Making sense of the culture difference

As I posted day before yesterday it’s mind boggling to me that people are rioting about some U.S. interrogators are reported to place Qurans on toilets and maybe even flushed one down.  In this country, our culture, if a non-Christian were to make a show of doing that same thing to a Bible about the worst people would do is think him rude and maybe snub him or her in public.  As the protests and riots continue and I read up on it makes more sense to me what they are upset about.  Not that I agree with it, but I can make sense of it within their framework.  From this article:

 In Afghanistan and Pakistan, insults to the Qur’an and Islam’s prophet, Muhammad, are regarded as blasphemy and punishable by death.

So… in their frame of reference our interrogators have committed crimes worthy of death sentences and we let them get away with it and perhaps even support those sort of “atrocities“. Our casual acceptance of these “heinous crimes” is as repugnant to them as cannibalism or human sacrifice is to our culture.

This is all extremely interesting to me.  I have no solution, short of destroying of their culture, but getting a grasp on the nature of the problem certainly can’t hurt.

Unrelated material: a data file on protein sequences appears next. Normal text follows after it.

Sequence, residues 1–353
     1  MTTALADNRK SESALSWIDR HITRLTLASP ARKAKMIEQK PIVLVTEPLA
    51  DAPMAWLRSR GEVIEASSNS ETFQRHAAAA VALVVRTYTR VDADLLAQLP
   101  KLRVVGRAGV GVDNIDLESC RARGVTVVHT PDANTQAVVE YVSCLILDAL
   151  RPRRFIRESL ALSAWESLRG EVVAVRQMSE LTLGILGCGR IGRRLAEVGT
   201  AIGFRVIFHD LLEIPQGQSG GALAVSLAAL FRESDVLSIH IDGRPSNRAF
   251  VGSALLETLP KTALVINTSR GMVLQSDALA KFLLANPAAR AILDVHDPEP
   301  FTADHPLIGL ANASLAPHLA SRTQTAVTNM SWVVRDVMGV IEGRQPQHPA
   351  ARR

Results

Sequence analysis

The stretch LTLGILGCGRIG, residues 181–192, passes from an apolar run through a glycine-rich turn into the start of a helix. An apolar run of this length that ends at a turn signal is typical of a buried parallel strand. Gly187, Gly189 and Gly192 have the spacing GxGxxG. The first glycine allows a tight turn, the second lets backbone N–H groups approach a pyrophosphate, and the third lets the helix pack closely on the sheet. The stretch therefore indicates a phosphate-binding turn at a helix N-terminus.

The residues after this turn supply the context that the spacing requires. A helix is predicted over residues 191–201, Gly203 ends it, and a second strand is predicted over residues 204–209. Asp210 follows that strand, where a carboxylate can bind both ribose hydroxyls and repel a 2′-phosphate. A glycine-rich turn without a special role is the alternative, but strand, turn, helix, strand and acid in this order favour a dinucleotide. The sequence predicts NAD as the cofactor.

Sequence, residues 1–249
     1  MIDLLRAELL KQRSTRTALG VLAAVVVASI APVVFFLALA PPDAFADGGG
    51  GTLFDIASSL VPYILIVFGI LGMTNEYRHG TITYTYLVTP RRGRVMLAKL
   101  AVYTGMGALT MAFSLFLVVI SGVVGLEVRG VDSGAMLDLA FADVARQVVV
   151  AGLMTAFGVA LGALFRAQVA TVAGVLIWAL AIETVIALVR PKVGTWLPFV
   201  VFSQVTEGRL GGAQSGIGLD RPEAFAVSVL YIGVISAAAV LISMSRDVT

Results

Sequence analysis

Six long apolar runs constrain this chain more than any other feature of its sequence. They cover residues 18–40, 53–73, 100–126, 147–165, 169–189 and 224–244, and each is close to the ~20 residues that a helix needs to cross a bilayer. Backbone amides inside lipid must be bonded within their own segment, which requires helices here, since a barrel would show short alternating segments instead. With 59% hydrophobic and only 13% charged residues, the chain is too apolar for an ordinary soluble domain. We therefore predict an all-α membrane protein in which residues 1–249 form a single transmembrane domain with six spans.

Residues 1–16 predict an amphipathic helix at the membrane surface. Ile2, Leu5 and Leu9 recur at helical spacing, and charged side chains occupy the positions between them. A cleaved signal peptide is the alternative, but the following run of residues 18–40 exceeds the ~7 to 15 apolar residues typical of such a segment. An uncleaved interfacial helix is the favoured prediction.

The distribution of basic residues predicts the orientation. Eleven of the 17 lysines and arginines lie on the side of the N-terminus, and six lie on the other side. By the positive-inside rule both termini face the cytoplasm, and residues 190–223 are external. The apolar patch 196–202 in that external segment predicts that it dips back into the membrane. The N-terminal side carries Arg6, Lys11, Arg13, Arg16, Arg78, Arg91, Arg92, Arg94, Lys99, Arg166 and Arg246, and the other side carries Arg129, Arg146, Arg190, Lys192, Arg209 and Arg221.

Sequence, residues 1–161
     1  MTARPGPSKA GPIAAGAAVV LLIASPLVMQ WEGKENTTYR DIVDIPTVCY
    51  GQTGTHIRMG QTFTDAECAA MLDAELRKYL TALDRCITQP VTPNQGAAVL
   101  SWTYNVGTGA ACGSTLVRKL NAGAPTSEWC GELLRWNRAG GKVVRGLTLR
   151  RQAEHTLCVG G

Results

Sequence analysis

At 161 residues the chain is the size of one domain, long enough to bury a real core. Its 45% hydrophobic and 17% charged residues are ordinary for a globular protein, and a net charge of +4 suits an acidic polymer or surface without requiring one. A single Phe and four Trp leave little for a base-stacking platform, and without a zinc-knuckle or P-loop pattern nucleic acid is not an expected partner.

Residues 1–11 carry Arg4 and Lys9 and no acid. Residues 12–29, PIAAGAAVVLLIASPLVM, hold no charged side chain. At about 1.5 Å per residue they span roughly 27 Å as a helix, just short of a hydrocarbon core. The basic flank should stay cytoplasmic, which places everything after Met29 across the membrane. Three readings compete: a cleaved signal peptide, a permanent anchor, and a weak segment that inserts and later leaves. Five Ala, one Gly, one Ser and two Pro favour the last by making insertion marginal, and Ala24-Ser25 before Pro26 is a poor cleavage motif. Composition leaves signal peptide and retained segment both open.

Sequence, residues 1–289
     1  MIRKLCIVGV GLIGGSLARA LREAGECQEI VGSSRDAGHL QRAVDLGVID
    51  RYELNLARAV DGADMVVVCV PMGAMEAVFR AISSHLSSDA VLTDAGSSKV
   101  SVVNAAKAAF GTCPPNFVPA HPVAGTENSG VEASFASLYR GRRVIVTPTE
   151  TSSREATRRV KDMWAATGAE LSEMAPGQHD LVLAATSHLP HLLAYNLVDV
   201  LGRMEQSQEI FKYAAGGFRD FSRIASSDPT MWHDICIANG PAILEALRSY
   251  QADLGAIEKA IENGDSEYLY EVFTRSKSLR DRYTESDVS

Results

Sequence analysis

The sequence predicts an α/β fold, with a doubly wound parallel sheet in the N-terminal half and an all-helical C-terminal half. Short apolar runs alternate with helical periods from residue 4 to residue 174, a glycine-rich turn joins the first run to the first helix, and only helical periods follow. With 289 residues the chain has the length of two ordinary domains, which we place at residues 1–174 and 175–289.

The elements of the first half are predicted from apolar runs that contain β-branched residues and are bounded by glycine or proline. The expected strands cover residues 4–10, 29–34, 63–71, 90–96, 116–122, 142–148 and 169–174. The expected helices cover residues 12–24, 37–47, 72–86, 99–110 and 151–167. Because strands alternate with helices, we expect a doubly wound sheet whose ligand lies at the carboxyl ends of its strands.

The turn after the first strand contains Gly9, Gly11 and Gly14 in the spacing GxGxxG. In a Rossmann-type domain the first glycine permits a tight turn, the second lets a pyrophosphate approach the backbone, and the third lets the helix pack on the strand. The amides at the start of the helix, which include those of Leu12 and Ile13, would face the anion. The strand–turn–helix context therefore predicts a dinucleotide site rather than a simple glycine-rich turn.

2 thoughts on “Making sense of the culture difference

  1. In Afghanistan, where these riots took place, many people have had relatives killed in their homes by US bombings, which are continuing. Many of them have also heard stories of their fellow citizens being tortured, sexually abused, and killed under torture by Americans in places like the Bagram Air Base. Many of them have seen their homes searched and seen their relatives humiliated by the heavy-handed tactics of the Americans. The blasphemy is for them the straw that killed the camel’s back.

  2. I suspect that if we heard about a Muslim government desecrating the Bible to break the wills of American prisoners, some folks here would be rather upset.

    See/hear: http://www.rhizomes.net/issue9/stupid.mp3

    Now if it were in a major Metropolitan museum and funded by the NEA, that would be Art.

    Something of a double standard, but there it is.

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